“I’ve seen the ugliest things done to people under the guise of religion. I’ve felt closer to God on a yoga mat.”
For those who have chosen nondenominational paths to God, there is often an innate distrust of organized religion and, accordingly, of those who subscribe to it. So when a theologian friend recently invited me to a gathering at an estate on Lake Michigan’s South Shore (just remote enough so no one could hear me scream), I was admittedly hesitant.
But I went, I saw and I listened. I even sang and danced as the evening evolved into a typical black house party (albeit with the occasional gospel sing-along). And as the lone secularist in a room full of religious academics, I felt strangely at home. Far from the judgment, conditions, homophobia and patriarchy I’d long associated with religion—and, most disappointingly, the black church—I found myself surrounded by a new wave of theologians: predominantly female, and all invested in evolving the narrative of black Christianity for this generation and those to come.
I asked them: Has the black church fallen out of step with societal needs, unlike generations past, which worked in tandem with the civil rights movements of the time?
For the Rev. Dr. AnneMarie Mingo, assistant professor of African-American studies and women’s gender and sexuality studies at Penn State, the answer to any spiritual salvation is inextricably linked to the fight for liberation as a whole: “In liberated and liberating churches (which are unfortunately not the majority even among traditional black churches), there is a theology and ethic that supports ‘helping folks get and stay free’ at its most basic level. … But I am not of the belief that any marginalized group needs to take on the work of those who have made the choices to benefit from the injustices that have gotten us to this point of moral depravity.”
“I totally understand why people leave the church,” said Candace Laughinghouse, a doctoral student in theology and ethics at Chicago Theological Seminary. “I have experienced a lot of hopeless situations of betrayal and spiritual abuse by ministries that want to exploit your gifts until you are unable to give anymore. … For those that have experienced this and worse, I would encourage them to find a community that loves them to healthier self. In fact, we can use the experience as a voice for those who feel too intimidated to speak out against the same abuse.”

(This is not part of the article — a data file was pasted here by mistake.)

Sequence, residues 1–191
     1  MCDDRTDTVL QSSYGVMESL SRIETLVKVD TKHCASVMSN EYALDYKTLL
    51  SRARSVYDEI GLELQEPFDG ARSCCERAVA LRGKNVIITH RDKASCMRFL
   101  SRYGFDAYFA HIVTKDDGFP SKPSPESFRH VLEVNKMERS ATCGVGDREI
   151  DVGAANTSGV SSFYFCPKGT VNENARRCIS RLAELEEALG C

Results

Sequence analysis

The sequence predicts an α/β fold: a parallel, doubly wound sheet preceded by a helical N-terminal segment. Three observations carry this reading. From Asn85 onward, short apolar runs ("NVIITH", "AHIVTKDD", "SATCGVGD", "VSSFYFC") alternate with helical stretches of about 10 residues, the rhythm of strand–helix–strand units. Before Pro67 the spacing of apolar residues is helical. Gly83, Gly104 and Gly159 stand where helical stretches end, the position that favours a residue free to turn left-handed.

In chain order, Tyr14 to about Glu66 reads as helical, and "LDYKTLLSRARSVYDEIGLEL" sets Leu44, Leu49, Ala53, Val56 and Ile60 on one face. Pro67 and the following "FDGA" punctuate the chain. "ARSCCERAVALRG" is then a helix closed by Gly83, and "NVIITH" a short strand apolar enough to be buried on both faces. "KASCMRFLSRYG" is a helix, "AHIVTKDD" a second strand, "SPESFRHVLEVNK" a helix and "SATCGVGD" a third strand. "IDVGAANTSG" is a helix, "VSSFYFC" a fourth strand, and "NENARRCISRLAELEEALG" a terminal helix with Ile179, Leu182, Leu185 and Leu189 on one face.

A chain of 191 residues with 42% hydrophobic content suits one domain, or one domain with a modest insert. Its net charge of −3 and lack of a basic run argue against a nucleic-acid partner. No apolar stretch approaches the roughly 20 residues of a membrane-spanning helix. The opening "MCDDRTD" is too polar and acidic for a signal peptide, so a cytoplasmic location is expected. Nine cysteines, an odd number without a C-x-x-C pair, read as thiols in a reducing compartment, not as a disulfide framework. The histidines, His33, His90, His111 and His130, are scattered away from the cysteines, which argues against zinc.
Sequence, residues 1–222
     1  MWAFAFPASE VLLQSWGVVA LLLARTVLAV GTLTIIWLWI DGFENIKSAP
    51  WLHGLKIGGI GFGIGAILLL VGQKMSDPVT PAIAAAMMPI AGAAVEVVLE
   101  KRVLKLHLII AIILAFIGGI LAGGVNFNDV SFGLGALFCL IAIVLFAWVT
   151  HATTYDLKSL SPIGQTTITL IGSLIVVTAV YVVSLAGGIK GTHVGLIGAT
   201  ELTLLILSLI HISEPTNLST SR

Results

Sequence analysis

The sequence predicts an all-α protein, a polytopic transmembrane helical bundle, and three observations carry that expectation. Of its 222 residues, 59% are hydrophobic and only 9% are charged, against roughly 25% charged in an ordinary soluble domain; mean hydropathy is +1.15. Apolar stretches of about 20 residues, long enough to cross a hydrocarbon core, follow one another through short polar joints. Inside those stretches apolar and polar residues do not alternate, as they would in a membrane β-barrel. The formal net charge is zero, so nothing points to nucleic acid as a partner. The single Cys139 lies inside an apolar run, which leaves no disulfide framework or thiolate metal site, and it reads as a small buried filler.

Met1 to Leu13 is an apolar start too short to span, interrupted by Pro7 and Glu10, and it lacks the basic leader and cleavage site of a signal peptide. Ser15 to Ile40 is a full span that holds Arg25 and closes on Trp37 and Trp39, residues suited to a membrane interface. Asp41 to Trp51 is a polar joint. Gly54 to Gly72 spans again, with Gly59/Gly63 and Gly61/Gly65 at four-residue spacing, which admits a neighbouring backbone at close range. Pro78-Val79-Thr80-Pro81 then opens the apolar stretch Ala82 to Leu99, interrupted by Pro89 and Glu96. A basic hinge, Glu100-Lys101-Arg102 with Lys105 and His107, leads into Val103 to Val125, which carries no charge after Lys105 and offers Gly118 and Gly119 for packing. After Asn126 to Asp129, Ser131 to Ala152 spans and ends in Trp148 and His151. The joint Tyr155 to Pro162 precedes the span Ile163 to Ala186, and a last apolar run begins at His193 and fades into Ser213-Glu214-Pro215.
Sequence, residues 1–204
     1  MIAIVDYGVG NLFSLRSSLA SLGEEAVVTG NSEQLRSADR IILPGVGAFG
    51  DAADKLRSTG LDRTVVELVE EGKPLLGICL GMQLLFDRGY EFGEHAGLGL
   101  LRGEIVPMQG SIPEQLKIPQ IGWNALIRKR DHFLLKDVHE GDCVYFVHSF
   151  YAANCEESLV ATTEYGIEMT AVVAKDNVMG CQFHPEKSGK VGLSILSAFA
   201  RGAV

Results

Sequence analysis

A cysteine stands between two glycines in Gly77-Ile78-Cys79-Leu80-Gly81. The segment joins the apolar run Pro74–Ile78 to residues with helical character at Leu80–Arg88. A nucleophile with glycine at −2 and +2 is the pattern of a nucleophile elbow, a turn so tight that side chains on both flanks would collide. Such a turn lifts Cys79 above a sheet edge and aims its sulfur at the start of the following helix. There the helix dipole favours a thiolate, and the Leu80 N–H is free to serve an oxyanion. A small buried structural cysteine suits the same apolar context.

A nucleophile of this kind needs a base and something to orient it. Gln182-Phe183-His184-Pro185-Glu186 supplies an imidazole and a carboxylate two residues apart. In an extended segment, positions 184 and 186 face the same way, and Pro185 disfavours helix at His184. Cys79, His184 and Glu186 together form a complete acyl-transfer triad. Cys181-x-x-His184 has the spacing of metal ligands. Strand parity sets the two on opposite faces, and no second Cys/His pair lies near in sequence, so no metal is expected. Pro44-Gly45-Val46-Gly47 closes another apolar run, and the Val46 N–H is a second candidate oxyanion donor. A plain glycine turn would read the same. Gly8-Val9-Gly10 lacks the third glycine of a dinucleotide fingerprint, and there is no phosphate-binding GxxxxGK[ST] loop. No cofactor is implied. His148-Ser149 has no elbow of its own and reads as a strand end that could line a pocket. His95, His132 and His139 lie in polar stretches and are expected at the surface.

As one who deeply values evidence and logic, I wondered how they felt about the Bible as the literal word of God.
The Rev. Dr. Kimberly D. Russaw, a professor of religion, was definitive: “I rarely interpret the Bible literally because I approach the text as a product of a particular social context written with particular ideological goals. As a believer, I am able to balance what I KNOW about the Bible with what I FEEEL about the Bible. … The church can offer a space of belonging and safe exploration for those not looking to be ‘saved.’”
Is that still true in the era of Donald Trump? Does the church still offer a space of belonging? “If evangelical support of 45 changed the perception of Christians in general, it casts a negative light on this group,” Russaw responded. “The overwhelmingly evangelical support for 45 affirmed what many of us who traffic in religious spaces already knew: People leverage the biblical text in ways that are not always life-giving for people in groups that are considered ‘other.’”
As a self-identified “other”—even in this conversation—I was prompted to consider what I missed about my childhood faith and what I may have missed out on in years since. I still love cathedrals and the smell of frankincense, but will I find myself in a church this Easter Sunday? No. But alongside my birthday, I will celebrate the rebirth of my respect for the church.
Most important, I was grateful for this conversation with new friends about reworking the old belief systems that have compelled so many to look outside of the church for God.
In her inaugural and much-lauded novel, The Bluest Eye, Toni Morrison wrote, “Love is never any better than the lover.” Those words inspired an analogy from one of my online acquaintances, a self-proclaimed “proud Jew”:
“I guess religion is never any better than the person practicing it.”